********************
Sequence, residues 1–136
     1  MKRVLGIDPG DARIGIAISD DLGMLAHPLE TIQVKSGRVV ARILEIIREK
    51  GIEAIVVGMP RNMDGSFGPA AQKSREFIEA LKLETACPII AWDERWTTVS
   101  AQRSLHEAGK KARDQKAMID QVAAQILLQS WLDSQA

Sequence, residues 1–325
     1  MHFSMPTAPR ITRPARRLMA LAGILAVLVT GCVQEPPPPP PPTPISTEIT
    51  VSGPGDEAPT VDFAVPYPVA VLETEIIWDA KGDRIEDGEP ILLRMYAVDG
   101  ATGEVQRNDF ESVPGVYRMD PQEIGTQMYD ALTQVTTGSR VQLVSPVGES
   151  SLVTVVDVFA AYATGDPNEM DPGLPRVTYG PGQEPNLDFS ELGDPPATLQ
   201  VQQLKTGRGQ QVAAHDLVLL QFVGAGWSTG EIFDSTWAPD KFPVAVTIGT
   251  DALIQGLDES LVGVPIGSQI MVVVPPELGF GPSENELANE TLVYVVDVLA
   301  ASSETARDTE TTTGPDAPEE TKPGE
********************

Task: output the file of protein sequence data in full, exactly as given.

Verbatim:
Sequence, residues 1–136
     1  MKRVLGIDPG DARIGIAISD DLGMLAHPLE TIQVKSGRVV ARILEIIREK
    51  GIEAIVVGMP RNMDGSFGPA AQKSREFIEA LKLETACPII AWDERWTTVS
   101  AQRSLHEAGK KARDQKAMID QVAAQILLQS WLDSQA

Sequence, residues 1–325
     1  MHFSMPTAPR ITRPARRLMA LAGILAVLVT GCVQEPPPPP PPTPISTEIT
    51  VSGPGDEAPT VDFAVPYPVA VLETEIIWDA KGDRIEDGEP ILLRMYAVDG
   101  ATGEVQRNDF ESVPGVYRMD PQEIGTQMYD ALTQVTTGSR VQLVSPVGES
   151  SLVTVVDVFA AYATGDPNEM DPGLPRVTYG PGQEPNLDFS ELGDPPATLQ
   201  VQQLKTGRGQ QVAAHDLVLL QFVGAGWSTG EIFDSTWAPD KFPVAVTIGT
   251  DALIQGLDES LVGVPIGSQI MVVVPPELGF GPSENELANE TLVYVVDVLA
   301  ASSETARDTE TTTGPDAPEE TKPGE